Google's plan to acquire Motorola Mobility for around $12.5bn cash has raised many eyebrows. Indeed, many watchers are already convinced that the move will undermine the growth of the company's Android software for smart devices, with major licensees such as Samsung and HTC potentially turning their back on the operating system. Would an acquisition based on acquiring intellectual property be worth that? So what is behind Google's thinking and what kinds of outcomes can we realistically expect?
Google's acquisition will not cause Android licensees to abandon the platform, although they may question the depth of their involvement. Most licensed alternatives don't offer the same level of service integration needed to attract buyers to their hardware.
Microsoft's Windows Phone is potentially the biggest gainer from the move through a more equitable division of effort across the two platforms among OEMs.
Buying Motorola Mobility offers Google the opportunity to challenge Apple more directly than its Android licensing program allows it, especially in terms of a more tightly integrated multi-screen proposition. Motorola's brand could also prove a useful marketing tool, especially in the US.
There is no guarantee of success for Google in the hardware business as it is starting from a very low market share. Motorola Mobility's IP portfolio at least offers a degree of insurance against the worst-case scenario.
More Android or better Android? A calculated risk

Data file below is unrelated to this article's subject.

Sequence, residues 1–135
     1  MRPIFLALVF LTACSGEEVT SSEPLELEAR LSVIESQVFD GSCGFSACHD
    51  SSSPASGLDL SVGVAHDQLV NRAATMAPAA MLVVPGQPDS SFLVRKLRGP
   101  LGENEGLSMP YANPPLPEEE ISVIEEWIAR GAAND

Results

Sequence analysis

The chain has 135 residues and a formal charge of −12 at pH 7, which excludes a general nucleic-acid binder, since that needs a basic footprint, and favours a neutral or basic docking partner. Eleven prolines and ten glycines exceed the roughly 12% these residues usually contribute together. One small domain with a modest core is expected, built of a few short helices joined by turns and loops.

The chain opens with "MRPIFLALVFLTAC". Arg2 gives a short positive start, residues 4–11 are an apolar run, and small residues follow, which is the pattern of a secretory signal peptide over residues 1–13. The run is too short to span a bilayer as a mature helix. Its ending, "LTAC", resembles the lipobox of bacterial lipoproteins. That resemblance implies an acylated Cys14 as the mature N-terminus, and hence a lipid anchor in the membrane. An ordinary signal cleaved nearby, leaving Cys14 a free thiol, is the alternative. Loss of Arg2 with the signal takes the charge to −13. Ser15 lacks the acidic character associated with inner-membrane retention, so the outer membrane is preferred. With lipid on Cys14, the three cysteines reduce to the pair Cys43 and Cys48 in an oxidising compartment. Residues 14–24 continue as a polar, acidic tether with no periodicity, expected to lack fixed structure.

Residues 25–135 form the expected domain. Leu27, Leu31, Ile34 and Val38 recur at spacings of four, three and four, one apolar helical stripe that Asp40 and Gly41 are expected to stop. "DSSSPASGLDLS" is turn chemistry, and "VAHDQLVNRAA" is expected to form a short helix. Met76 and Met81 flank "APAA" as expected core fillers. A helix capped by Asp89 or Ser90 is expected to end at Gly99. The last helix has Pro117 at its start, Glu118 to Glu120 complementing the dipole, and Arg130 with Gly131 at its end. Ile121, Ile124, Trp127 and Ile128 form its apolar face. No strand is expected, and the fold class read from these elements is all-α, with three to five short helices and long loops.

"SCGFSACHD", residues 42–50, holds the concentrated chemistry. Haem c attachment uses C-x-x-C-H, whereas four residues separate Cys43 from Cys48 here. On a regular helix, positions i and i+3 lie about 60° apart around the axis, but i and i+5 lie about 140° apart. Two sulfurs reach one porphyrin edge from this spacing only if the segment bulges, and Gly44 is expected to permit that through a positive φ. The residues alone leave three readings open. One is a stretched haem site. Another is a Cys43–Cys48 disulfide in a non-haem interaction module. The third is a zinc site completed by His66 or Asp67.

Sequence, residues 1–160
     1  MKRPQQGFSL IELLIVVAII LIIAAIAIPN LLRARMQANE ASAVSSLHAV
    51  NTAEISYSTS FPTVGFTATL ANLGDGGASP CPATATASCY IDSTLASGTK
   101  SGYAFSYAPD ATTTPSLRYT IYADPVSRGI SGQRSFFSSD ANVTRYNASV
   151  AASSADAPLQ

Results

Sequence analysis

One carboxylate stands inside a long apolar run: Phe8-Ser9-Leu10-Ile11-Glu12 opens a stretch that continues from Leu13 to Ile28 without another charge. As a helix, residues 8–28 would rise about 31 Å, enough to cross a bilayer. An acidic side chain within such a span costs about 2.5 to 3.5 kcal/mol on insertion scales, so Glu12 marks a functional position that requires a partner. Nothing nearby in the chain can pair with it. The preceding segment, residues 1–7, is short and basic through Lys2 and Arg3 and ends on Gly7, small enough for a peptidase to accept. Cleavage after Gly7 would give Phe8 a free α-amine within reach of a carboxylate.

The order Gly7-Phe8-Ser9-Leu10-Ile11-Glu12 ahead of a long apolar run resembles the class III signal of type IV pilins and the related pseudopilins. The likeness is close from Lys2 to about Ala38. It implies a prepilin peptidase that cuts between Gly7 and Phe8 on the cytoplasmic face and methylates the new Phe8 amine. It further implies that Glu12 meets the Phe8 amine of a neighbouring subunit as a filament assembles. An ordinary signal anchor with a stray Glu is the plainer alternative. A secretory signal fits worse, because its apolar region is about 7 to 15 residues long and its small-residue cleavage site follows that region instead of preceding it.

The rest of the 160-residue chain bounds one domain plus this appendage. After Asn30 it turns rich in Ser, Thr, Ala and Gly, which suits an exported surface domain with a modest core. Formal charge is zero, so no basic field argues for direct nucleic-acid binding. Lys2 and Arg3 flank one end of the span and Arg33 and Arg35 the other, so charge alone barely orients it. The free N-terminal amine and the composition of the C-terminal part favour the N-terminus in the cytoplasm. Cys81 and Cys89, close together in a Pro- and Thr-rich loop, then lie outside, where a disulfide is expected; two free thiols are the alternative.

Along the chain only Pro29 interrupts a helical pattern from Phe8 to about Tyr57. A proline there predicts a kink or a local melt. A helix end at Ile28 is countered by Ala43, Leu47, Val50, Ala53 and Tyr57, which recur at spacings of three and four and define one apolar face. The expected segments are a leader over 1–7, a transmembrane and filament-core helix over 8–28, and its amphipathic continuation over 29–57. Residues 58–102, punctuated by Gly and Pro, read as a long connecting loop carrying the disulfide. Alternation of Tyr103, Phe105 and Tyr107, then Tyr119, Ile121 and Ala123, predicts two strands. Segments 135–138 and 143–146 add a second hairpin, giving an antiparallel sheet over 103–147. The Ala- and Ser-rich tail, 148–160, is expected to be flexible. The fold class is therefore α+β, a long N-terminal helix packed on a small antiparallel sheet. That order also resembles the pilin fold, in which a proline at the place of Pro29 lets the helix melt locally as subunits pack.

Google sought to reassure doubters on its investor conference call following the announcement, claiming that the top five Android licensees - presumably Samsung, HTC, LG, Huawei, and Sony Ericsson - support the move. Nonetheless, there is a chance that Google may put off some Android licensees from committing more deeply to the OS, with the increasingly expansionist Samsung perhaps the most likely to break ranks, especially given that it has its own platform strategy in the shape of Bada.
That's a calculated gamble on Google's part and perhaps it knows something we don't as to those vendors' future plans. The real question is whether Google's action will drive those same licensees away from Android completely and into the hands of other platform providers?
This seems less likely to us, at least at the time of writing. After all, the main alternative to Android, Windows Phone, is barely different to Android from a competition perspective. Microsoft too sees its mobile OS investment as a Trojan horse for its consumer services, and more broadly its consumer-related interests, including advertising.
So it would be a case of "out of the frying pan and into the fire" for most Android licensees if they were to take this approach, although there's nothing to stop companies such as Sony Ericsson from double-sourcing. Indeed, there may well now be more compelling reasons to do so.
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